If the corrective factors were disregarded and the individual over-compensated, then an inferiority complex would occur, fostering the danger of the individual becoming egocentric, power-hungry and aggressive or worse. Common therapeutic tools include the use of humour, historical instances, and paradoxical injunctions. Adler believed that human psychology is psychodynamic in nature yet unlike Freud's metapsychology, which emphasises instinctual demands, human psychology is guided by goals and fuelled by a yet unknown creative force.

Like Freud's instincts, Adler's fictive goals are largely unconscious. These goals have a 'teleological' function. Constructivist Adlerians, influenced by neo-Kantian and Nietzschean ideas, view these 'teleological' goals as "fictions" in the sense that Hans Vaihinger spoke of "fictio". Usually there is a fictional final goal which can be deciphered alongside of innumerable sub-goals. For example, in anorexia nervosa the fictive final goal is to "be perfectly thin" overcompensation on the basis of a feeling of inferiority. Hence, the fictive final goal can serve a persecutory function that is ever-present in subjectivity though its trace springs are usually unconscious.

The end goal of being 'thin' is fictive however since it can never be subjectively achieved. Teleology also serves another vital function for Adlerians. Chilon's "hora telos" "see the end, consider the consequences" provides for both healthy and maladaptive psychodynamics. The metaphysical thread of Adlerian theory does not problematise the notion of teleology since concepts such as eternity an ungraspable end where time ceases to exist match the religious aspects that are held in tandem.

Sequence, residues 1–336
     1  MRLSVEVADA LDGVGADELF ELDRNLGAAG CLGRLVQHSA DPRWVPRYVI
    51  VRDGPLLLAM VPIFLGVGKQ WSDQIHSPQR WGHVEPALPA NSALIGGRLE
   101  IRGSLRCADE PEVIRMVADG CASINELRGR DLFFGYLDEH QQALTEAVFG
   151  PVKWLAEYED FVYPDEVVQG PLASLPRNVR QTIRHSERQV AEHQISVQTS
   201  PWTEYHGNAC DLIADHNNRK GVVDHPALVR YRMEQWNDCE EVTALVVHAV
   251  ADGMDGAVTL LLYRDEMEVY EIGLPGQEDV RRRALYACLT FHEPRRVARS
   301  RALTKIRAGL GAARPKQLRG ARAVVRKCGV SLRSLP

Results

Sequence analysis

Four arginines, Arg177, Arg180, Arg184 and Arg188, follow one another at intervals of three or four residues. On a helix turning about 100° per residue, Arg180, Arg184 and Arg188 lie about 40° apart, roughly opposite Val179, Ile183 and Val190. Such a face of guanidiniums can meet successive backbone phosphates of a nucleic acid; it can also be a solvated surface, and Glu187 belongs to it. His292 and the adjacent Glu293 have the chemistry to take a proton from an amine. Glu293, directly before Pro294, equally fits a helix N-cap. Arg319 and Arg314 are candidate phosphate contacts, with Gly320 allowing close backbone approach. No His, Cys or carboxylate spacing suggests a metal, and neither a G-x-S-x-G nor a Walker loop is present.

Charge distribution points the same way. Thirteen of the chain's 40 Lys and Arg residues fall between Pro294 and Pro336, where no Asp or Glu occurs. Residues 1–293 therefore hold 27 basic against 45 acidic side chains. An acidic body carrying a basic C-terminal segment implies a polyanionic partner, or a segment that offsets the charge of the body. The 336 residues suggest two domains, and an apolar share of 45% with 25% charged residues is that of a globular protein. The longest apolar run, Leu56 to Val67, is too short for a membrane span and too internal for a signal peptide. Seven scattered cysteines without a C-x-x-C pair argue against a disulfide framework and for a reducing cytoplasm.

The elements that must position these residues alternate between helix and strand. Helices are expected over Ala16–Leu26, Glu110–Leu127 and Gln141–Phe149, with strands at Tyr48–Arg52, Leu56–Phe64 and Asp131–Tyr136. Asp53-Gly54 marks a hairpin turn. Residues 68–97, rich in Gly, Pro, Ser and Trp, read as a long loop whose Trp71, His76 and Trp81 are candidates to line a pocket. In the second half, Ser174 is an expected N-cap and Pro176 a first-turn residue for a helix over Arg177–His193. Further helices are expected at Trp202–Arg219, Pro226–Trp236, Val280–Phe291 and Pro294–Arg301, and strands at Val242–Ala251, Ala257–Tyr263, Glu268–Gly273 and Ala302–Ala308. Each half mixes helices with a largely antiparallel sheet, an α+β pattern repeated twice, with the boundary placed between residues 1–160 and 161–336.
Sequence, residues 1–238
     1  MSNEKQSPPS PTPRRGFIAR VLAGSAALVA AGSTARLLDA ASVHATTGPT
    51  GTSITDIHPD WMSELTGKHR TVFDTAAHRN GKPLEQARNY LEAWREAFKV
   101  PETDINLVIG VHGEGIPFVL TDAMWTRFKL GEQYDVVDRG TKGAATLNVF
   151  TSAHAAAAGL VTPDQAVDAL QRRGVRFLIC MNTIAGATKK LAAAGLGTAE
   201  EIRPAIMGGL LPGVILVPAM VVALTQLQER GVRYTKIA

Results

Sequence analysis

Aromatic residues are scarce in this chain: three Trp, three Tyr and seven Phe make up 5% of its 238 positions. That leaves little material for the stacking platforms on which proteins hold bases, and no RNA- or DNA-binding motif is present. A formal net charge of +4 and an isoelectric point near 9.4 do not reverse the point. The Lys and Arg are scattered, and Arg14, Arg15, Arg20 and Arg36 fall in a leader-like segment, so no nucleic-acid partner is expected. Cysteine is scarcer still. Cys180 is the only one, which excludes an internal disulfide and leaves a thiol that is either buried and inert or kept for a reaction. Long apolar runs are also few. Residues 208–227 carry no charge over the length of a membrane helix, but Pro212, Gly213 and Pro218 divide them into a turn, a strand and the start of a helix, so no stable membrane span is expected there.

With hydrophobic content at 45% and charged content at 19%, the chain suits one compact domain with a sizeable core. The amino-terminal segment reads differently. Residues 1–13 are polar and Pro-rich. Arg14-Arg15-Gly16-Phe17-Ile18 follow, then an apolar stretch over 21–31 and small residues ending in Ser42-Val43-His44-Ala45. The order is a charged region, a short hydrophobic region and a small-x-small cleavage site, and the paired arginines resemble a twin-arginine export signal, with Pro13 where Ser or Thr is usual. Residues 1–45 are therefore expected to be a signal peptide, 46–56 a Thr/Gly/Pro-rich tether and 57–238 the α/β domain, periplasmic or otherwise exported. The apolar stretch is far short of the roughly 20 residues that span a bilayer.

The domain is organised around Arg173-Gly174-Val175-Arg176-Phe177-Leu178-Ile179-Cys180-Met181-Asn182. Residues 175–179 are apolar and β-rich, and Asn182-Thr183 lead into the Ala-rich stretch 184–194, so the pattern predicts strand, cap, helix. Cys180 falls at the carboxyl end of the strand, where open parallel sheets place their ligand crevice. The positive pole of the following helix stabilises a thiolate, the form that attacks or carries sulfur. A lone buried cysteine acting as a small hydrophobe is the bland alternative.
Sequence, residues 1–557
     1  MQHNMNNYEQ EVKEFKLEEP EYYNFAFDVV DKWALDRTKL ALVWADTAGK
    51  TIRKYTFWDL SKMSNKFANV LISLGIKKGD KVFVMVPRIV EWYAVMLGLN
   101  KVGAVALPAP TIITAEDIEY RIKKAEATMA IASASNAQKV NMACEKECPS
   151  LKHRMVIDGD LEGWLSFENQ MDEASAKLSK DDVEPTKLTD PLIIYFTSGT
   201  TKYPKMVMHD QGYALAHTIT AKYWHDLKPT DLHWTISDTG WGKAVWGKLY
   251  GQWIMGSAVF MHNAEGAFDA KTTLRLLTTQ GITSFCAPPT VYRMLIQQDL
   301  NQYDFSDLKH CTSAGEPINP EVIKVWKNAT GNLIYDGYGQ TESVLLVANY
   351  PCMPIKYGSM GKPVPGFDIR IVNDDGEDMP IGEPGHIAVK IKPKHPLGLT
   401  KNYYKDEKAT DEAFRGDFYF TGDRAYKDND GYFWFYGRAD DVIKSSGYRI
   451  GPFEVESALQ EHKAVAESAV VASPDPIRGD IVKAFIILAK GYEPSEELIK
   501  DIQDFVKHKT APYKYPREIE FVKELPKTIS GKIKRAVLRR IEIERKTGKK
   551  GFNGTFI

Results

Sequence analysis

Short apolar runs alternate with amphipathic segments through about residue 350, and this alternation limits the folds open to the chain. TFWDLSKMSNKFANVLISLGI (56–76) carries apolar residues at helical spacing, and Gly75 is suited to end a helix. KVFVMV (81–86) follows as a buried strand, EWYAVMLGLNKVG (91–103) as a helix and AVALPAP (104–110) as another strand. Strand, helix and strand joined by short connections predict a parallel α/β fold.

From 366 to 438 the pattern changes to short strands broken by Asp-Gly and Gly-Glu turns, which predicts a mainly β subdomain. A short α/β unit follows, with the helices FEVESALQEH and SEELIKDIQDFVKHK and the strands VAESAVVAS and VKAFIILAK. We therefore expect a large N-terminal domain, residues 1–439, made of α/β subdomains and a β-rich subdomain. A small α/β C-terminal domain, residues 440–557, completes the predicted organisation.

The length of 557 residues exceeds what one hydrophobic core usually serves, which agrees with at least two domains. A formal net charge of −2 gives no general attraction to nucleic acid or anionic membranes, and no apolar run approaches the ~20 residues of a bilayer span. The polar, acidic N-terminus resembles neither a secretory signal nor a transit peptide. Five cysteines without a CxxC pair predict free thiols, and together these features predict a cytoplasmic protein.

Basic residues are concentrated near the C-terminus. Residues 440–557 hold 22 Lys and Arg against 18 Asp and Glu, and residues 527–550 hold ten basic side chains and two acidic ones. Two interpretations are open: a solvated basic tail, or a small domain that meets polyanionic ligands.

Here, 'teleology' itself is fictive yet experienced as quite real. Both Albert Ellis and Aaron T. Metaphysical Adlerians emphasise a spiritual holism in keeping with what Jan Smuts emphasised Smuts coined the term holism , that is, the spiritual sense of one-ness that holism usually implies etymology of holism - traced to Holy-ness.

Smuts believed that evolution involves a progressive series of lesser wholes integrating into larger ones. Whilst Smuts' text "Holism and Evolution" is thought to be a work of science, it actually attempts to unify evolution with a higher metaphysical principle holism. The sense of connection and one-ness revered in various religious traditions e. Baha'i, Chrisitanity, Judaism, Islam, etc.

The Journal of Individual Psychology

Adler did develop a scheme of the so called personality types. These 'types' are to be taken as provisional or heuristic since Adler did not, in essence, believe in personality types in a reductive sense. Nevertheless, he intended to illustrate patterns that could denote a characteristic governed under the overall style of life:.